March 10, 2023

Social Media and Drug Use

an image of someone on social media at night

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The link between all forms of social media and drugs is of growing concern in the United States and elsewhere in the world.

From TV shows and movies to influencers on social media and cash app drug dealers flaunting their lifestyles online, the misuse or abuse of drugs and alcohol is often portrayed as cool or glamorous. If adolescents, teens, and young adults are continuously exposed to substance abuse being presented in a positive light, they may start associating drink or drugs with being cool and successful.

AACAP (American Academy of Child and Adolescent Psychiatry) reports that 90% of teens in the U.S. use social media. 2021 Data from SAMHSA (Substance Abuse and Mental Health Services Administration) show that among those aged 12 to 17, 2 million met the criteria for substance use disorder (drug addiction) or alcohol use disorder (alcoholism). 400,000 teens were addicted to drugs and alcohol in the same year.

This guide examines the meeting point of social media and drugs, exploring Telegram drugs

and WhatsApp drug dealers, and various ways in which substance use is glamorized in new and old media.

Social Media and Drug Addiction

Teens have experimented with drugs and alcohol for generations, but many different social media channels offer new and potentially dangerous opportunities for young adults to experiment with drugs.

From Snapchat and Instagram to Facebook and Telegram, as well as mainstream websites like YouTube, young people today are often exposed to famous people engaging in risky substance-based behaviors. For years, rap artists have popularized lean, an addictive cocktail that contains promethazine and codeine. Celebs consistently post pictures and videos of themselves drinking and getting high across all social media channels.

Inflaming this issue, teens are uniquely susceptible to the effects of peer pressure and influence.

Beyond this, young adults are also often exposed to friends and family members posting content that normalizes binge drinking, prescription drug abuse, and the recreational abuse of club drugs like cocaine, MDMA, and ketamine.

Studies show that teens who spend time on social media channels are more likely to use alcohol, tobacco, and marijuana than those who do not use social media. Engaging with social media content related to alcohol correlates with higher rates of alcohol use disorder and other forms of problematic drinking like binge drinking. Research also suggests that being exposed to alcohol-related content on the social media channels of friends may predict the onset of adolescent alcohol consumption.

Buying Drugs on Social Media

Social media drugs are increasingly easy to access. Before the 1990s, teens required access to a drug dealer to obtain illicit substances. The advent of the internet and the growth of social media means that it is now much easier for young adults to buy all types of addictive substances. While many teens are tempted by this ease of access, buying drugs online is illegal, dangerous, and potentially life-threatening.

The process of buying drugs online has advanced from the days of Silk Road and other dark web marketplaces. Teens looking for drugs can now search for social media hashtags related to drug use. Many dealers openly advertise their products from high-grade Californian marijuana at premium prices to crack, cocaine, heroin, and all types of prescription pills.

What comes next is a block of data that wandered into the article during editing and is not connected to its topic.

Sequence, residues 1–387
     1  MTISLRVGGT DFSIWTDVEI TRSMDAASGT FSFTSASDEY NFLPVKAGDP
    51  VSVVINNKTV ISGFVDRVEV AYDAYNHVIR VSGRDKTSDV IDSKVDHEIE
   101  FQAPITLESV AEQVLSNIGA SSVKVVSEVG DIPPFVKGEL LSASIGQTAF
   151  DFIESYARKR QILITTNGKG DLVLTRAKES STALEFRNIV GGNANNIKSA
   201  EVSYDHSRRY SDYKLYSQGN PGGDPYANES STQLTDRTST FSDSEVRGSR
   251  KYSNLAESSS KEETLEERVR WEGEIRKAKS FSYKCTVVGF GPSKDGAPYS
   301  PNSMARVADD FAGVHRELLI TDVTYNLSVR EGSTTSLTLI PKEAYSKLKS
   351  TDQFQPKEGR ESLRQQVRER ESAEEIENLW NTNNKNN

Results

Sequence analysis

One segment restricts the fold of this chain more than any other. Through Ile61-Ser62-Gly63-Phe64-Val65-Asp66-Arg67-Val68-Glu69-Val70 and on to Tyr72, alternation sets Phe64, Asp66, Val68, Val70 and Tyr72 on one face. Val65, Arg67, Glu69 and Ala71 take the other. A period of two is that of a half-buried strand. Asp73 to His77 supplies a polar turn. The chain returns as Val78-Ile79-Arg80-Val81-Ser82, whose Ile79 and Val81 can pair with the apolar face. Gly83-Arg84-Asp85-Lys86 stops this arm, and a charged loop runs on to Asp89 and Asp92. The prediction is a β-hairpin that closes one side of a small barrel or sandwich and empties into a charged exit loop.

Trading in drugs on social media presents a significant risk to buyer and seller. For teens purchasing drugs online, there is no way of determining the purity or quality of drugs. Many pills marketed as Xanax or OxyContin are pressed pills that contain fentanyl. Powdered drugs like cocaine, heroin, and amphetamine may also be adulterated with fentanyl, the leading cause of U.S. overdose deaths.

It is illegal to buy drugs online, even if they are advertised openly on the clear web. Beyond the potential legal ramifications, buying drugs online can expose teens to identify theft and other types of fraud or scams. A commonplace scam involves online dealers taking payment for drugs and then failing to send the package.

While social media platforms have policies in place to prohibit the transaction of drugs, the sheer volume of content posted means it remains a concern.

Researchers Tech Transparency Project set up Instagram accounts purporting to be teens aged 13 to 15. It took these fake teen accounts an average of just two clicks to connect with an active drug dealer. Once this connection was made, the algorithm fed underage accounts content from dealers selling all types of substances.

Glamorization of Drugs in The Media

The glamorization of drugs in the media is a concerning trend that has been going on for several decades. From movies and television shows to music videos and social media, drugs are often depicted as being cool, fun, and exciting. This portrayal of drugs can have a harmful impact on young people who are especially vulnerable to peer pressure and may be tempted to experiment with drugs.

One of the most significant ways that drugs are glamorized in the media is through music. Many popular songs feature lyrics that glorify drug use and often use drug references to appear edgy or rebellious. The music industry has long been associated with drug use, and many musicians have been known to use drugs to enhance their creativity or to cope with the pressures of fame.

Movies and television shows are also guilty of glamorizing drug use. In many cases, drug use is depicted as a way to escape reality or to be more socially accepted. Characters who use drugs are often portrayed as cool outsiders, which can be appealing to young people searching for a sense of identity.

Social media has also played a significant role in glamorizing drug use. Platforms like Instagram, Snapchat and TikTok have made it easy for people to share images and videos of themselves using drugs or to post photos of drugs they have acquired. This can create a false impression that drug use is normal or even glamorous.